Heitler v. United States - 260 U.S. 438 (1923)
U.S. Supreme Court
Heitler v. United States, 260 U.S. 438 (1923)
Heitler v. United States
Motion to transfer to circuit court of appeals
submitted December 11, 1922
Decided January 2, 1923
260 U.S. 438
ERROR TO THE DISTRICT COURT OF THE UNITED STATES
FOR THE NORTHERN DISTRICT OF ILLINOIS
1. Under the Act of September 14, 1922, c. 305, 42 Stat. 837, a case brought here from the district court upon the mistaken assumption that it presents a substantial constitutional question, but which involves other questions within the jurisdiction of the circuit court of appeals, should be transferred to that court. P. 260 U. S. 439.
2. This statute should be construed liberally. P. 260 U. S. 440.
Applications to transfer these cases, heretofore dismissed for want of jurisdiction (post, 703), to the circuit court of appeals. For the opinion of the district court, see 274 F. 401.
MR. CHIEF JUSTICE TAFT delivered the opinion of the Court.
These were writs of error issued directly to the district court under § 238 of the Judicial Code to review sentences of fine and imprisonment on the ground that they were cases in which the constitutionality of the National Prohibition Act, under which the convictions were had, was drawn in question. In addition to the constitutionality of the Prohibition Act , the assignments of error raised many questions as to the admissions of evidence and the charge of the court. We held that, in view of our previous decision affirming the validity of the National Prohibition Act (National Prohibition Cases, 253 U. S. 350), the plaintiffs in error were precluded from raising the question again and basing thereon a claim of jurisdiction for a writ of error under § 238, that the question made was therefore not substantial, but frivolous, and that the writ should be dismissed for want of jurisdiction on the authority of Sugarman v. United States, 249 U. S. 182, 249 U. S. 184, and cases cited. Heitler v. United States, 260 U.S. 703. This conclusion made it impossible for us to consider the other errors assigned.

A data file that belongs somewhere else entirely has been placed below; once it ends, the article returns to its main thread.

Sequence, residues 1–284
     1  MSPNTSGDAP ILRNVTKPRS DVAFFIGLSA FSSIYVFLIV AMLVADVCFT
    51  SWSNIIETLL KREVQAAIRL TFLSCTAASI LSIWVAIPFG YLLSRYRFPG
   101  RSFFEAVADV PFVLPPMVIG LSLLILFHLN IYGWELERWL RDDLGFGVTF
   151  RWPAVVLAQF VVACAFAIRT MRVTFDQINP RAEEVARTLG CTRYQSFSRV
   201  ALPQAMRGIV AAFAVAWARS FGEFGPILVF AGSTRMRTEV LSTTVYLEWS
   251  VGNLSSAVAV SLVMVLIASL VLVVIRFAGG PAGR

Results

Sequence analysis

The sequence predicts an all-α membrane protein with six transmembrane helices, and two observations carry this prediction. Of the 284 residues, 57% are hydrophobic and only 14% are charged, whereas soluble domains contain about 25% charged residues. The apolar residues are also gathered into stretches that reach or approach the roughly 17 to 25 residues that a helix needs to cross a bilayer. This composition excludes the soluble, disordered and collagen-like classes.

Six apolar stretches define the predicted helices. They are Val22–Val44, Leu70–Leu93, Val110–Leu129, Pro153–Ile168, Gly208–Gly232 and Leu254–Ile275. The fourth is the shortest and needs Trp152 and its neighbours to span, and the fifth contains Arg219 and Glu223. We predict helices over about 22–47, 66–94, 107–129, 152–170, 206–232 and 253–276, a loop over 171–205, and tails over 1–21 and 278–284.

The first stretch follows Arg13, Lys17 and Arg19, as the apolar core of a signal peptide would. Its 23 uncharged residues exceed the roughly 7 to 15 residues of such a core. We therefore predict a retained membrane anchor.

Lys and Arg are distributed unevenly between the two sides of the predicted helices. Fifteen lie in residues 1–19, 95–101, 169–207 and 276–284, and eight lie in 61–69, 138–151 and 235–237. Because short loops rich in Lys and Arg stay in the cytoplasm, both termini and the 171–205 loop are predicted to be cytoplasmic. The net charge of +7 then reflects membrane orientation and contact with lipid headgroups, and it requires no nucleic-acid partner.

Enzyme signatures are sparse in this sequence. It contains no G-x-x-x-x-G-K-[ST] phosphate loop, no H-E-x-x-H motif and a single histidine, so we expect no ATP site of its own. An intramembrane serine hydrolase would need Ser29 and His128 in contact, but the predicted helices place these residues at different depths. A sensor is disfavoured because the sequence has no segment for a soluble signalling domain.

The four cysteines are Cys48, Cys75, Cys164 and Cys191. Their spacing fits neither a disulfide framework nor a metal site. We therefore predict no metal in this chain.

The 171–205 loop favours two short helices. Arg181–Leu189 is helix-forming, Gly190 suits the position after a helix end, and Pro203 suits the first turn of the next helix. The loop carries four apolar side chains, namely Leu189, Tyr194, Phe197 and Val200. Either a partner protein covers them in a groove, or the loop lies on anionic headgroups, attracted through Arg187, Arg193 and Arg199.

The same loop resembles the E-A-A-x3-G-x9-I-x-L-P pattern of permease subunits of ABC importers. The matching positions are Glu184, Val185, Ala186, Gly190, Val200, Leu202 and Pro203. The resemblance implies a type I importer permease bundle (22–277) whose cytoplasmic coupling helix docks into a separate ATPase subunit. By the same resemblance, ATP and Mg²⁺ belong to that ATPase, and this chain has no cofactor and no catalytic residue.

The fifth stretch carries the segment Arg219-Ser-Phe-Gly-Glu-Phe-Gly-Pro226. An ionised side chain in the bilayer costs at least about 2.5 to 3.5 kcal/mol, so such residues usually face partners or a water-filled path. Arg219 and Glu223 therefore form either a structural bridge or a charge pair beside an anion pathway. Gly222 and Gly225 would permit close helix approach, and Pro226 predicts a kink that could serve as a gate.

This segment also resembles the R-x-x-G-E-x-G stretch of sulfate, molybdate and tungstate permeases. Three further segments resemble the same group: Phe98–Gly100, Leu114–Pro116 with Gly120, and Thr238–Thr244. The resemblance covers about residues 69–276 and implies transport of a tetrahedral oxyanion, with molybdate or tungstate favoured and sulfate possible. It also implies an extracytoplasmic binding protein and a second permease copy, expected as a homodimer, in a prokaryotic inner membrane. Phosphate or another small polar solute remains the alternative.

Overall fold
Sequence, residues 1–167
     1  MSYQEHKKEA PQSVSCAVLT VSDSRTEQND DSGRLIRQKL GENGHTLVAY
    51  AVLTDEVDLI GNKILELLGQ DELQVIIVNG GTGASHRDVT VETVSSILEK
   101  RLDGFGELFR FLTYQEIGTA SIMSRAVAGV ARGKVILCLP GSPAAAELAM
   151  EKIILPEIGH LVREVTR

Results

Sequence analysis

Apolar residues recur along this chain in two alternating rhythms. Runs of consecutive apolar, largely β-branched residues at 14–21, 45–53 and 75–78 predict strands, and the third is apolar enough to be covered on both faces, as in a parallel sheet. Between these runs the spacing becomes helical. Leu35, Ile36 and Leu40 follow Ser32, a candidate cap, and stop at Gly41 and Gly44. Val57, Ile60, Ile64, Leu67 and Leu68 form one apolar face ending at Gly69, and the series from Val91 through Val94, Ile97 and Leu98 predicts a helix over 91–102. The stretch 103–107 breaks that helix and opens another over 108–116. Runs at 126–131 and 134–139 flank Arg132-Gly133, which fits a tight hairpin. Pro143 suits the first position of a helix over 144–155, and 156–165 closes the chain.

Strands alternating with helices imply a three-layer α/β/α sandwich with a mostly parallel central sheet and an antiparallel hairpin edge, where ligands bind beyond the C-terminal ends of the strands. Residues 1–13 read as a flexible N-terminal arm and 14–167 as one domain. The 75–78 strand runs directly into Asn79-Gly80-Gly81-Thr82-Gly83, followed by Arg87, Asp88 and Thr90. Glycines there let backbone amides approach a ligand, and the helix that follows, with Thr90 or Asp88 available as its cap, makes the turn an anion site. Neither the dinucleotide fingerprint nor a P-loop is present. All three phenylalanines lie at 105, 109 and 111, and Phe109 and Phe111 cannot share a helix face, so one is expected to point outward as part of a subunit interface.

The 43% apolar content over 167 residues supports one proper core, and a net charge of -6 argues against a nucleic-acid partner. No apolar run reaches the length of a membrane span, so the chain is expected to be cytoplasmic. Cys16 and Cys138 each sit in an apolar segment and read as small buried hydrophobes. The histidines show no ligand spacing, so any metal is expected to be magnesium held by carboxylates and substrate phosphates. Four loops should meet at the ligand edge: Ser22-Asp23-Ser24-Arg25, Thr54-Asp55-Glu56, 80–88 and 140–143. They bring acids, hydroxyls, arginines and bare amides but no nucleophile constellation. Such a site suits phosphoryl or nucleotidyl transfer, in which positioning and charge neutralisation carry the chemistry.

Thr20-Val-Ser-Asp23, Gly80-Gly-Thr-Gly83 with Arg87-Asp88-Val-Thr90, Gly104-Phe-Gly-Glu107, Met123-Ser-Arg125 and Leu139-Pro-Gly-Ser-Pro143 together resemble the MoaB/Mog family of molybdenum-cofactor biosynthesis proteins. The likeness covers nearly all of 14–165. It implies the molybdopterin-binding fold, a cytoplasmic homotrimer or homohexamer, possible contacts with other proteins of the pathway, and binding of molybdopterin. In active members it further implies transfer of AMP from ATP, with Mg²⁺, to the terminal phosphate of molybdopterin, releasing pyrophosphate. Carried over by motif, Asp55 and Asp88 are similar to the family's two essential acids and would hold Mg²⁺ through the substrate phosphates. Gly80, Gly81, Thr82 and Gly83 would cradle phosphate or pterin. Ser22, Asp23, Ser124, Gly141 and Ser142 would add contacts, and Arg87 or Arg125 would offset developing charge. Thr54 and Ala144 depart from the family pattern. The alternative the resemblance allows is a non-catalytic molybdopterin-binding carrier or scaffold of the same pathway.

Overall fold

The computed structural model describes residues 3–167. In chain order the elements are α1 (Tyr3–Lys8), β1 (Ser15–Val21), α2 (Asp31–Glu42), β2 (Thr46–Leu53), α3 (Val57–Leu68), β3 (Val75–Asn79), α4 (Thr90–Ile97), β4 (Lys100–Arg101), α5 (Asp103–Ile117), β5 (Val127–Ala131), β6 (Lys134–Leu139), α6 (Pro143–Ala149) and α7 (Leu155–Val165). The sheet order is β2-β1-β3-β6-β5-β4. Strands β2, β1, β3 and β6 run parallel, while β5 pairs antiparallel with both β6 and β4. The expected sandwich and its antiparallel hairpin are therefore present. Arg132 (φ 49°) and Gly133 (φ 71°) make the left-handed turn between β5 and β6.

The plaintiffs in error now invite our attention to an act of Congress approved September 14, 1922, which provides that
". . . if an appeal or writ of error has been or shall be taken to, or issued out of, the Supreme Court in a case wherein such appeal or writ of error should have been taken to, or issued out of, a circuit court of appeals, such appeal or writ of error shall not for such reason be dismissed, but shall be transferred to the proper court, which shall thereupon be possessed of the same and shall proceed to the determination thereof, with the same force
and effect as if such appeal or writ of error had been duly taken to, or issued out of, the court to which it is so transferred."
This is a remedial statute, and should be construed liberally to carry out the evident purpose of Congress. The fact that the opportunity therein given to litigants in the circuit courts of appeals, where they have mistakenly sought a review in this Court, may at times be abused, and unduly prolong the litigation and delay the successful party below, is no reason why when the case comes clearly within the language of the statute the transfer should not be made. The successful party below may avoid undue delay by a prompt motion to dismiss in this Court in such cases.
The cases before us are clearly within the remedy of the statute. Based on the assumption of the presence of a real constitutional question in the case, plaintiffs in error sought review here not only of that question, but of the numerous other errors assigned in the record. Williamson v. United States, 207 U. S. 425, 207 U. S. 432-434; Goldman v. United States, 245 U. S. 474, 245 U. S. 476. We find that there is no constitutional question of sufficient substance to give us jurisdiction to consider these other errors. In other words, we find that, to have such alleged errors considered and reviewed, the writ of error herein should have issued out of the circuit court of appeals of the proper circuit. Accordingly, we hold that these several cases should be transferred to the Circuit Court of Appeals of the Seventh Circuit at the costs of the respective plaintiffs in error, that that court be thereupon possessed of the jurisdiction of the same and proceed to the determination of said writs of error as if such writs had issued out of such court.
And it is so ordered.